New Designer Drug 25C-NBOMe Is Killing Teens
Designer drugs are those that are manufactured synthetically in labs across the country and around the world to meet the demand for a new high. These are substances that often mimic natural ones. For example, the synthetic marijuana that has been in the news off and on for the last several years is a designer drug that will not go away.
Legislators and policy makers attempt to ban these substances, but as soon as they do, the drug makers create something new. They tweak the drug just a little bit, and suddenly it becomes a new substance with new properties. Law enforcement and lawmakers are struggling to keep up with the drug makers and the teens using these substances to chase a high. The latest designer drug has recently been found in Texas, where it has killed yet another teenager.
The Problem with Designer Drugs
The problem with drugs seems obvious at first. People use them to get a high. The drugs cause health problems. They lead to addiction. Greater use increases the health problems, sometimes causing severe issues. Sometimes, overdose and death are the final result. This series of events occurs with all kinds of drugs, both legal and illicit. Illegal drugs like heroin, crack, and cocaine take people down this terrible road all too often, but so do prescription narcotics, like painkillers.
Designer drugs do the same thing, but there are even more dangers and risks associated with them. As dangerous as heroin, oxycodone, or crack are, their chemical structures and effects on the human body are well understood. Designer drugs are constantly changing. As the drugs change, so do the consequences for users. No one knows exactly what they are consuming when they take a new designer drug, and that includes emergency room staff trying to treat a teen that has overdosed.
Another problem with designer drugs is that they are often more readily available to teens than other substances. A typical suburban teen may not know where to get heroin or cocaine, but he can go online and order any number of designer drugs.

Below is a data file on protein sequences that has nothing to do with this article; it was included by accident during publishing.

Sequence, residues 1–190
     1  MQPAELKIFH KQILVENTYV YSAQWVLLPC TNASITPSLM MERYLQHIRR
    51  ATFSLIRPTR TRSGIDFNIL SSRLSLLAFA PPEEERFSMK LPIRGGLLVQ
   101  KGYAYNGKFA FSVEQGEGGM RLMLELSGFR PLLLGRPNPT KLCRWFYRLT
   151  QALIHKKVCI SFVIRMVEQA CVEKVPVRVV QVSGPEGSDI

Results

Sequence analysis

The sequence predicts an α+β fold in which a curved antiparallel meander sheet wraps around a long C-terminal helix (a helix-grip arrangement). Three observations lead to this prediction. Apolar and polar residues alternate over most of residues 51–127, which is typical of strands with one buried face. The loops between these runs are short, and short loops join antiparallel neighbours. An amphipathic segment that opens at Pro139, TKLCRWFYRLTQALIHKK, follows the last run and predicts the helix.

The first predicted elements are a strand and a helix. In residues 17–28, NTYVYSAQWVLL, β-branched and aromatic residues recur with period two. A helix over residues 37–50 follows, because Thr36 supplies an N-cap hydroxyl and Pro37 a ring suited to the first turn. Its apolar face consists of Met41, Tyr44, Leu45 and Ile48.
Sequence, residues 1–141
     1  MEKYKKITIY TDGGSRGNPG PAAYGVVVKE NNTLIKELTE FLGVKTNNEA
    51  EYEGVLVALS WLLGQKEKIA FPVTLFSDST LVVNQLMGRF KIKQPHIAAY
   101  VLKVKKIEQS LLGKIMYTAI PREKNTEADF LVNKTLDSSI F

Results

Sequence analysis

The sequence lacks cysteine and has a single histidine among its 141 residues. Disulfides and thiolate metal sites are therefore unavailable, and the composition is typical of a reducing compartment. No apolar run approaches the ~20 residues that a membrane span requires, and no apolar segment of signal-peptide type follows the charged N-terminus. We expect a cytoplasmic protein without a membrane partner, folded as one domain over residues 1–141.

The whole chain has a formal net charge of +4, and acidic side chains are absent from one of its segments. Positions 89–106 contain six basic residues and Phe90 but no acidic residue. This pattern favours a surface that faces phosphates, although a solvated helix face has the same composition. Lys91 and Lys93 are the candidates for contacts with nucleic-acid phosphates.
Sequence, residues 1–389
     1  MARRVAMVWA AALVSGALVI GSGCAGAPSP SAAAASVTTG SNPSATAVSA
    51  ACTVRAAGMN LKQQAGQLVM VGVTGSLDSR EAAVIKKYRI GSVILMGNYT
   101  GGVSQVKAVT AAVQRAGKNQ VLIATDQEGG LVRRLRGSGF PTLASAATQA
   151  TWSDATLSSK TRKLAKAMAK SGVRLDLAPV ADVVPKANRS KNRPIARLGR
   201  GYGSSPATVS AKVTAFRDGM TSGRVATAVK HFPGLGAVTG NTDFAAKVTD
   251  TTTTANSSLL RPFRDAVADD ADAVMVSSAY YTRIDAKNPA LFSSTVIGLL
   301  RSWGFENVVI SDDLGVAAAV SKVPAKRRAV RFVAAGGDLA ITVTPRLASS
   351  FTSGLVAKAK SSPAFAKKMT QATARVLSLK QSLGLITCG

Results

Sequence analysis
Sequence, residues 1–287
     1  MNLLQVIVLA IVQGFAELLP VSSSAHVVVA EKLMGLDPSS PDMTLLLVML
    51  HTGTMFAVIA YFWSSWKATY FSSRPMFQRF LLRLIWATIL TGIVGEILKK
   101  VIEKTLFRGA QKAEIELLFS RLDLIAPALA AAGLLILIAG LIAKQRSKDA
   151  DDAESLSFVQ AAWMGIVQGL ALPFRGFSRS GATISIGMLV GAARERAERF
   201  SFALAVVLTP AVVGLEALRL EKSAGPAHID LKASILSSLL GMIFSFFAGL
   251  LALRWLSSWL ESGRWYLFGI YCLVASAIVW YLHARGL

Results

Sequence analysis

The name for the latest designer drug to have a devastating impact is not very descriptive. The Texas Department of Public Safety recently identified a substance responsible for killing a 16-year-old high school student in Fredericksburg, Texas, as 25C-NBOMe. He died using this substance, which is a synthetic hallucinogenic drug. He bought it online.
25C-NBOMe is a synthetic drug designed to mimic the effects of natural hallucinogenic compounds. These are compounds found in certain plants and fungi that cause delusions and hallucinations. It is based on a compound called phenethylamine, which is common in plants and animals. It is even in chocolate. By itself, this compound is not harmful. Designer drug makers have taken this compound with mild psychoactive effects and changed it to create more potent drugs.
The young man who died from taking 25C-NBOMe and his friend who also used the substance were treated by emergency workers. Their behaviors before the young man died included loud and disruptive outbursts, disorientation, and aggressiveness. The Texas Department of Public Safety investigated the drug and labeled it, but had not seen it before. They have seen similar hallucinogenic designer drugs, but the manufacturers are clearly changing the formula to make new varieties.
The state of Texas, and other states as well, are trying to combat the issue of new designer drugs with legislation. Republican state Sen. Joan Huffman of Houston is the author of a bill that is pending in the state legislature. She hopes that the new law, if passed, will help law enforcement cope with the changing nature of new, synthetic drugs.
Currently, laws are passed to ban each new drug as it comes to light. The pace of passing these bans cannot keep up with the changing nature of designer drug-making. The new bill will hopefully allow law enforcement to get around that difficulty and target new substances.
Designer drugs are a recent problem and one that has been tough to combat. While law enforcement agencies and legislators struggle to keep up with changing drugs, drug makers continue to market their products to teens. The result is that teens are dying, even after making just one bad choice.